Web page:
Another favorite bait used by anti-administration forces is the South China Sea/West Philipine Sea issue which has remained on top of certain groups’ bait pool. This issue got activated once again as China announced it has constructed and is now going to operate three (3) research and monitoring centers—a maritime observation center, a meteorogical observatory and an environmental and air quality center —in some of the disputed islands being occupied by the Chinese. This development has engendered a paroxysm of denunciations from the usual suspects to the point of baiting Malacañang into issuing a statement that “it was ready to file a protest” over such a development. That statement, of course, downplayed its impact with Palace spokesman Sal Panelo advising that they will wait for further developments and leave the filing to the better judgment of President Duterte.
Which is well and good. After all, we have yet to understand and get more information about these “research and observation centers” which are ostensibly scientific undertakings. Premature, knee-jerk protests may amount to much ado about nothing. If these are open to experts and scientists from other countries specially those belonging to ASEAN as part of a regional or even global effort to monitor developments in our seas and oceans what’s wrong with that? If these will be used to enhance safety in that very busy international commercial route, then all the better for all of us. In fact, we have yet to hear whether the other claimants are preparing to issue their own protests over this development. If not, what’s egging us to issue one?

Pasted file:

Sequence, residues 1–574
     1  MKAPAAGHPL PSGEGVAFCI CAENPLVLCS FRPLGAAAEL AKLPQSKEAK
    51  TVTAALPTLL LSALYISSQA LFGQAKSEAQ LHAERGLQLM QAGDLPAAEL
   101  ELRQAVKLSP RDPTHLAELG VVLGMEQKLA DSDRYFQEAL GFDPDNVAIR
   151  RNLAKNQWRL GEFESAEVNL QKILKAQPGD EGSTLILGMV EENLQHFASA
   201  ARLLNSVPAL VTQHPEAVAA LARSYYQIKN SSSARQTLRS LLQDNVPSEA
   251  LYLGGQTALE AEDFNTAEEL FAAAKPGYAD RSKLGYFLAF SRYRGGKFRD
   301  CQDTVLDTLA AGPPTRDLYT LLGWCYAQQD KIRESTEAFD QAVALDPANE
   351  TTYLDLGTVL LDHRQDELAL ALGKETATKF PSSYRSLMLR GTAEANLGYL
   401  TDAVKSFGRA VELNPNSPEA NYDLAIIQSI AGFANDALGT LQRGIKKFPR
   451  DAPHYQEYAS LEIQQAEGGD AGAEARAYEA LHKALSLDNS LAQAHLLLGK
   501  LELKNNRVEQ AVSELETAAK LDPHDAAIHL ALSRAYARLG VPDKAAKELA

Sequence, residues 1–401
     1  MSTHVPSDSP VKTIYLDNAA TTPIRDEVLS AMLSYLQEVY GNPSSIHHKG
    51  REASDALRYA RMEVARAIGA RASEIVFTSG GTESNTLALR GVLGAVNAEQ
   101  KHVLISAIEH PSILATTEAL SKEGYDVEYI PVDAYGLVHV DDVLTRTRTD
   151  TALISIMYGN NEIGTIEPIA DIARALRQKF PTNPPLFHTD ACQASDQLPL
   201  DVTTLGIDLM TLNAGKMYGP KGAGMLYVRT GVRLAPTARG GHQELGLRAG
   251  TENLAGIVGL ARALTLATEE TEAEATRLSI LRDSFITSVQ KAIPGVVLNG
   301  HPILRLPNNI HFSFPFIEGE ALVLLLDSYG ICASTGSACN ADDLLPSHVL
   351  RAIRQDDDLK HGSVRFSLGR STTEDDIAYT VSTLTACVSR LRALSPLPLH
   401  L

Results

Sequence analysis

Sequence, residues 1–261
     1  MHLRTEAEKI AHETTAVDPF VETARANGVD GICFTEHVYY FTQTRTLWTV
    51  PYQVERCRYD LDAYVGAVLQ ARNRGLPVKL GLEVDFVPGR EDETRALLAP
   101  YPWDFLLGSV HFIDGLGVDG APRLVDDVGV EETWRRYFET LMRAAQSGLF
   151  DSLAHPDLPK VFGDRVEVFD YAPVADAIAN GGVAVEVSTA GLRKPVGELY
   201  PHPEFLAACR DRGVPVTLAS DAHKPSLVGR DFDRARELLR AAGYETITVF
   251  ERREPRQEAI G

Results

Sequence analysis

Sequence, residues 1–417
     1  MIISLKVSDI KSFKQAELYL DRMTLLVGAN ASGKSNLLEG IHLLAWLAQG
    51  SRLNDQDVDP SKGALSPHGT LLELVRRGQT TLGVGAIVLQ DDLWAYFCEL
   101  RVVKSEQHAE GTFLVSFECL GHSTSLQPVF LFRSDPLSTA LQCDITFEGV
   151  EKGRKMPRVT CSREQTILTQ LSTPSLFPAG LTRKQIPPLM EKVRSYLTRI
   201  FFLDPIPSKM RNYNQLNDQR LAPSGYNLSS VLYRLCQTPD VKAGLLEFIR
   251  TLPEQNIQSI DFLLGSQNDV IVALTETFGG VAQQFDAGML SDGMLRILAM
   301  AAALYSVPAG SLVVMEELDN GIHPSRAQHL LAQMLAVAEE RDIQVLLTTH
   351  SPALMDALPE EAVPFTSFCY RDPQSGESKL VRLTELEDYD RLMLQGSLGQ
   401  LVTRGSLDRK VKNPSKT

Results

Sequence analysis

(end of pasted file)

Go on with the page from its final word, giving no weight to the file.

Finally, we need to understand the meaning of the award we got from the UN Tribunal on the
disputed islands which, in effect, ceded to occupants of these reefs and outposts control over their use. Unfortunately for us, we were remiss in protecting the gains we had in the ’70s when we managed to occupy our very own Kalayan Island Group. At that time we could have expanded our reach and took control of the other islands. For some reason, we did not until the other claimants. China included, occupied and fortified their part of the pie, so to speak, and warded off the others. So, now we are reduced to being onlookers and will remain so unless we do the next best thing—fortify our occupied islands and move to have the entire area an international zone of peace and amity. Then, connect ours with that of China, Vietnam, Brunei, Malaysia and Taiwan into one scientific, commercial and maritime safety nexus to serve the region and the world. Unless we move in that direction, that area will be a bait for possible live skirmishes which can possibly even result in unwanted limited warfare. We should avoid that from happening at all.